The sanctity of all legitimate human authority rests on the Fifth Commandment: "Honor your father and your mother." So serious was this social obligation that the death penalty was prescribed for those who broke it. The parents of an incorrigible son were to bring him before the elders of the city and denounce him in open court. The juvenile delinquent was then to be stoned to death. ". . . so will you put away the evil from among you, and all Israel shall hear and fear" (Dt. 21:18-21; NKJV).

    It is clear from the teachings of Scripture elsewhere that this principle of respect for one's parents extends to human authority in general, in particular to the civil magistrates. In Romans chapter 13 the apostle Paul enjoins Christians to "be subject to the governing authorities." In particular we are to obey the law, pay our taxes and give those in authority our personal respect. "Render therefore to all their due: taxes to whom taxes are due, customs to whom customs, fear to whom fear, honor to whom honor" (v. 7).

    What is remarkable about this passage is that it was written when the Roman Empire controlled the Mediterranean world, and most of its subject peoples were not Romans. The Jews in particular chafed under Roman rule. The Roman Empire was not a democracy and most of its officials could hardly be called "Christian." Yet Paul could say that the civil magistrate "is God's minister to you for good"(v.4).

    How could he say such a thing? The reason is given in verse 1: "For there is no authority except from God, and the authorities that exist are appointed by God." In other words, civil government per se has been ordained by God in order to maintain order in society, and God rules over political developments through His providence. Therefore we are to obey the government, not just from a fear of punishment, "but also for conscience' sake" (v. 5). Submission to the government is our moral duty, and it should be discharged conscientiously.

    If we are always looking for ways to skirt the law, to cheat when we think no one is looking, then we make the government official's job that much more difficult. Moreover, this is not a duty we owe just to individual officials; we owe it to society as a whole. Anarchy adversely affects everyone, and it is in the interest of us all to maintain the rule of law. General lawlessness in society eventually leads to increasingly harsh and repressive measures by the government. Civil liberty cannot exist in the midst of a depraved population.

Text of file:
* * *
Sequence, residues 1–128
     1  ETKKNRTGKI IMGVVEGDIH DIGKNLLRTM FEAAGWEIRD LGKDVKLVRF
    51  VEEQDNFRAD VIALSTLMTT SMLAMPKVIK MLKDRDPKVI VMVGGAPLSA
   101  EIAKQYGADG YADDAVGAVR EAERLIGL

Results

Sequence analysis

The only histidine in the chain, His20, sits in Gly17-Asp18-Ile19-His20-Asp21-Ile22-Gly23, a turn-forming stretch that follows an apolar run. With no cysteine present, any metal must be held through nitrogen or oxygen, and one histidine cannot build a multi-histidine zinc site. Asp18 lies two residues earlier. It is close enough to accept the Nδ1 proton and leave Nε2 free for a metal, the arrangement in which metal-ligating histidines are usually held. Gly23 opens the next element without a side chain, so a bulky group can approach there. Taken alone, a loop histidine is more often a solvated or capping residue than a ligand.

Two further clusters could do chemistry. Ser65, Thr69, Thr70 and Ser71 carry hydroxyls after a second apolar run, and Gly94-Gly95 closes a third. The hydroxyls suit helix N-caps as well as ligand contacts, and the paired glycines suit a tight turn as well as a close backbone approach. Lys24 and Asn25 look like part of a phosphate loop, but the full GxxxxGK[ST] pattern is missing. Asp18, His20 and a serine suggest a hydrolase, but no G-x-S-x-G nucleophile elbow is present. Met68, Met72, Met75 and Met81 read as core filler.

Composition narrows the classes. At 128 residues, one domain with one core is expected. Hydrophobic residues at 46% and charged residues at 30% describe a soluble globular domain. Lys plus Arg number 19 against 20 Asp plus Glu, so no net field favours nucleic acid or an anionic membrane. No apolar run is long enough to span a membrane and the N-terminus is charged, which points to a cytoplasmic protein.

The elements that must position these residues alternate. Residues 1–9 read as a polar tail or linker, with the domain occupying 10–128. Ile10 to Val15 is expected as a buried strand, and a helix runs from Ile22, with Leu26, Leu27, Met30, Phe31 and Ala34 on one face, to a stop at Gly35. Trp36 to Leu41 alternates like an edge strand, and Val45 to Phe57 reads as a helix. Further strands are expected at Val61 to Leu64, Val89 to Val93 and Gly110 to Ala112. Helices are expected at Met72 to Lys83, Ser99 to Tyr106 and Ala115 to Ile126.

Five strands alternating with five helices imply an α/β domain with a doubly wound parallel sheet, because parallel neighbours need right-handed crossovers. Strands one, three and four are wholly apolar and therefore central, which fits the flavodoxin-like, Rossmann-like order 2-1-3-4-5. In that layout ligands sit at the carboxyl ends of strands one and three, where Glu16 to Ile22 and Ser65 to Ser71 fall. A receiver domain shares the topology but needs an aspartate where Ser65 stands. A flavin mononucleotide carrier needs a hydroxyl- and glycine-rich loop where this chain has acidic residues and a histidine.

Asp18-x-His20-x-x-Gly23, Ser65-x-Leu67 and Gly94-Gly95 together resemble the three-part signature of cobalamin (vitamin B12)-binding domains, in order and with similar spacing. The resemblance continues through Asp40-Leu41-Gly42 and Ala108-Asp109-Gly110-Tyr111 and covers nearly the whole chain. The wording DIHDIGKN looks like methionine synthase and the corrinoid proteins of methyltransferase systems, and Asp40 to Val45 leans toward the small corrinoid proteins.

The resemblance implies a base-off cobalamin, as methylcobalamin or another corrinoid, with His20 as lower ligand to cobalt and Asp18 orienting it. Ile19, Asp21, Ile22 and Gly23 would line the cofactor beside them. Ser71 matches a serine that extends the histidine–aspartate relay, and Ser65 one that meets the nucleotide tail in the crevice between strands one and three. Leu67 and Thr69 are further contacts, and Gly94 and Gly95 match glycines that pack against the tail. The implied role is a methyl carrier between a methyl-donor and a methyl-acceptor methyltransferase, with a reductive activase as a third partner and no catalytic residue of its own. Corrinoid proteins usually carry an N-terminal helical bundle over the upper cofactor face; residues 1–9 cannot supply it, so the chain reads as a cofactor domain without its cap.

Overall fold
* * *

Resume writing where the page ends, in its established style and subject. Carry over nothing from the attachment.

This does not mean, however, that the power of the government is unlimited. If human authority is established by God it is also limited by God. Rulers are expected to rule justly. The government cannot usurp the place of God Himself – that is tantamount to idolatry. When the apostles were ordered to stop preaching, their answer was "We ought to obey God rather than men" (Acts 5:29; cf. 4:19,20). The will of God is always supreme; human government is always a subordinate authority.

    Regrettably those of us who grew up in the '60's scarcely have any concept of authority at all. We have sown the wind and reaped the whirlwind. First the children rebelled against their parents, and then the wives rebelled against their husbands. The divorce rate soared, the family structure collapsed, and now the specter of social chaos is staring us in the face. Even common courtesy and respect have largely gone by the wayside.

    "But know this, that in the last days perilous times will come; For men will be lovers of themselves, lovers of money, boasters, proud, blasphemers, disobedient to parents, unthankful, unholy, unloving, unforgiving, slanderers, without self-control, brutal, despisers of good, traitors, headstrong, haughty, lovers of pleasure rather than lovers of God" (II Tim. 3:1-4)

Thursday, November 17, 2011

Capitalism and the Sabbath


    Perhaps nowhere is the clash between Capitalism and Christianity seen more clearly than on the issue of the Sabbath.

    Adam Smith famously maintained that in a free market economy an individual is "led by an invisible hand to promote an end which has no part of his attention." ". . .the study of his own advantage naturally, or rather necessarily, leads him to prefer that employment [of resources] which is most advantageous to the society" (Wealth of Nations, Book IV, Chapter II).